This Article is From Jul 28, 2023

Opinion: Manipur Needs Healing, Today

As I write this, we have just concluded the seventh day of parliament. No sign yet of Prime Minister Narendra Modi inside Lok Sabha or Rajya Sabha. The closest he has come to the chambers of both Houses is to address the media somewhere in the precincts of parliament House. The INDIA parties (preferred usage to "Opposition parties") are striving to get a discussion going in parliament on Manipur. There is one hitch. The PM does not want to participate in the debate. The INDIA parties insist he must. Hence, the logjam.

Let's leave parliament aside for a moment, and consider the footage that has surfaced from Manipur. Last week a bone-chilling video was circulated on social media. Two women from the conflict ridden state were being paraded naked by a mob of men, some of whom seemed to be teenagers.

Since then, several details have emerged. What we know so far is that this incident occured soon after the violence in Manipur erupted. That it was caused in retaliation to a piece of fake news that went viral in early May. This piece of false news showed the image of a young woman wrapped in a plastic bag. The claim was that she was from a particular ethnic group, and had been raped and killed by men from a rival group. As it was discovered later, the woman was a Delhi murder victim from 2022. The image enraged men belonging to one group, who then abducted the women who appeared in the video and revenge raped them.

It gets worse. Even though an FIR was filed days later in May, it is only after the video generated social media traction that the Prime Minister, Women and Child Development Minister Smriti Irani, and Manipur Chief Minister N Biren Singh commented on it. The Chief Minister said, "There are hundreds of similar FIRs here". Extending the apathy and inefficiency, 'South Asia's Leading Multimedia News Agency' (guess who!) put out yet another piece of fake news, incorrectly implicating a man from a minority community as one of those arrested in the case. At a time when any piece of information has the power to do irreversible damage to both communities, how can a government's actions be guided only by what's trending on Twitter.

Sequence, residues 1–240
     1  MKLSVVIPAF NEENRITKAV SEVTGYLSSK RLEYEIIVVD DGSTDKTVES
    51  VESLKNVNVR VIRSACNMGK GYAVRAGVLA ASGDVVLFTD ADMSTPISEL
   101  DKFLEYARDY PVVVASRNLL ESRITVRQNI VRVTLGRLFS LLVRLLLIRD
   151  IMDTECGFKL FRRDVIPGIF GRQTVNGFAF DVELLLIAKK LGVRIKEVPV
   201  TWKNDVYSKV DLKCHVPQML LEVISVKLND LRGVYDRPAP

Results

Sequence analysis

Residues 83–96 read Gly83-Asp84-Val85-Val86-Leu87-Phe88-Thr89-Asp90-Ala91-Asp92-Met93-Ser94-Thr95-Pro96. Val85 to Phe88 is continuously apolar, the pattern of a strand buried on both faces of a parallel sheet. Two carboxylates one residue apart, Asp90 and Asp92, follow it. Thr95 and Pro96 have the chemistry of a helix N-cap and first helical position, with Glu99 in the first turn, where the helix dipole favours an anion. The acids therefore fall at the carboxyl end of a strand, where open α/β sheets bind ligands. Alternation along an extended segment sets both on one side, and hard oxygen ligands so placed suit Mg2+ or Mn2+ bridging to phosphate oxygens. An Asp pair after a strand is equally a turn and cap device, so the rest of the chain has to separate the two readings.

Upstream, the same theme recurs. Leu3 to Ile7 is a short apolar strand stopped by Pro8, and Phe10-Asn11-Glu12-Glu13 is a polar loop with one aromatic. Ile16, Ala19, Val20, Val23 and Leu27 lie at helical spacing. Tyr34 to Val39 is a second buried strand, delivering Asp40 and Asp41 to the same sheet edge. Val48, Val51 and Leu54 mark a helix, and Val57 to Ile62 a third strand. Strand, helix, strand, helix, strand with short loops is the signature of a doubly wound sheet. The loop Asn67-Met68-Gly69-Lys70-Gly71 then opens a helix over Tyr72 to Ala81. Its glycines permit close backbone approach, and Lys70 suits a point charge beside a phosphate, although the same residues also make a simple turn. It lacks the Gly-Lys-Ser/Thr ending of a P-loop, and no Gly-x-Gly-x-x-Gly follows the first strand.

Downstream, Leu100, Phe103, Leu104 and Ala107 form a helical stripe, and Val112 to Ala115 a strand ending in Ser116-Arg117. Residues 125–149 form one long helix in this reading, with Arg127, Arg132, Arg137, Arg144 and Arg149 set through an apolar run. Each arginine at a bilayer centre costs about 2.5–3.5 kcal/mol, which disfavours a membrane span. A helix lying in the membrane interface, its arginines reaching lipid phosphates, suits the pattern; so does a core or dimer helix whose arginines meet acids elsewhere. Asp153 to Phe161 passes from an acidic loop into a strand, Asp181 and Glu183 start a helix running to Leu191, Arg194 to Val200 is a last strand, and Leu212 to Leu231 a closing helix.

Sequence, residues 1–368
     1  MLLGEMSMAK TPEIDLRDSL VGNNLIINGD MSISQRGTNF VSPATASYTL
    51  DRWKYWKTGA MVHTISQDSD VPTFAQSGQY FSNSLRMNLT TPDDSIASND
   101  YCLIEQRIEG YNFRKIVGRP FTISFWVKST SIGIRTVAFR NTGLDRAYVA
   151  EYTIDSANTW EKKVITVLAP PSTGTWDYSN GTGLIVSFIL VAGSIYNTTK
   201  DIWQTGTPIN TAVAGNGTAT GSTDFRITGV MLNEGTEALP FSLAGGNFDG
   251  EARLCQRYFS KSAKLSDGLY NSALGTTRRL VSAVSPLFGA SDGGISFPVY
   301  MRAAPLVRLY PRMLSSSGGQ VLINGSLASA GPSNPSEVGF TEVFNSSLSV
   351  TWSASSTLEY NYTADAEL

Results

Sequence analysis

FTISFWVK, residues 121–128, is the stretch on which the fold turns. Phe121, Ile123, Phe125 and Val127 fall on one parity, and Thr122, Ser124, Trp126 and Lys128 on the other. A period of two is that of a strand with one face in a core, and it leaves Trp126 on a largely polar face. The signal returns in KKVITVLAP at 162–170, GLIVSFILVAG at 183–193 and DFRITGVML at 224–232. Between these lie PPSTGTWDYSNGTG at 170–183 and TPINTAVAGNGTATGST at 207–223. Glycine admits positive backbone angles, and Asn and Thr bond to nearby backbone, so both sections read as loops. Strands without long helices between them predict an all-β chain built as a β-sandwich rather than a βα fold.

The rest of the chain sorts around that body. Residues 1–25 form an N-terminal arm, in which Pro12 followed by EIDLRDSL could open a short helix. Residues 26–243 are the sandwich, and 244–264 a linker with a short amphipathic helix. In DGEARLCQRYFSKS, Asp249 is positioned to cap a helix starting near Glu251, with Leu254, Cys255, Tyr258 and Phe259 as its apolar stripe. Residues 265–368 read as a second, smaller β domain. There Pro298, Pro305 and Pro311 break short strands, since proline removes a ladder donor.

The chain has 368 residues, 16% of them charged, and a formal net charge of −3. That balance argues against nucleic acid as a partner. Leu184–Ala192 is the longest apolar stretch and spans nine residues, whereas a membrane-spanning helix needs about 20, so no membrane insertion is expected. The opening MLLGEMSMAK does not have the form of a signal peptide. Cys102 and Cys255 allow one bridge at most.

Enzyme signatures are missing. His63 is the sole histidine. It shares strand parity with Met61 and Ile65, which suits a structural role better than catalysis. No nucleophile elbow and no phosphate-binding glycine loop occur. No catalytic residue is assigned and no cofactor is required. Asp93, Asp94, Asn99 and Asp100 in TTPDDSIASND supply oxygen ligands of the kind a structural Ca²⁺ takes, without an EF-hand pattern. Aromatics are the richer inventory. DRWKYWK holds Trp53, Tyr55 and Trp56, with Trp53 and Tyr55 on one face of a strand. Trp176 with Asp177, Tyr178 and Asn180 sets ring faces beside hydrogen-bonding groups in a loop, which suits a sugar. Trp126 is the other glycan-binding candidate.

At the root of the gruesome assault are two issues. One, the government failed to control the spread of false information that caused the rape and shameful parading of the women. In this light, the Press Information Bureau's (PIB) recent admission that it only acted upon 1,200 of the 1.2 lakh fake news requests it received in the last three years seems less shocking. Two, despite knowing well in advance, the union government failed to stop an uncensored version of the video from being circulated on social media. In response to a question by this columnist in parliament, the government admitted blocking 635 URLs on the internet since December 2021. Where was this promptness when the dignity of Manipur's women was under threat?

This case of sexual assault surfaces when parliament is in session. Multiple parties are demanding a discussion under the 'emergency rules' of parliament, given the gravity of the situation. The Prime Minister has other ideas. But if everything was so hunky dory in Manipur, then why has the internet been shut down for nearly three months? Was the internet shut down in Rajasthan and other states that the BJP draws parallels with?

The video that reached the internet is one that we know of. If previous cycles of fake news distribution are to be relied on as evidence, that single fake image might have already caused several other acts of violence. These may never reach us.

The Prime Minister's mug shots are splattered all over the country on G20 hoardings, with the tagline 'One Earth. One Family. One Future'. But before that, Manipur needs healing. Today.

(Derek O'Brien, MP, leads the Trinamool Congress in the Rajya Sabha)

Additional research: Varnika Mishra

Disclaimer: These are the personal opinions of the author.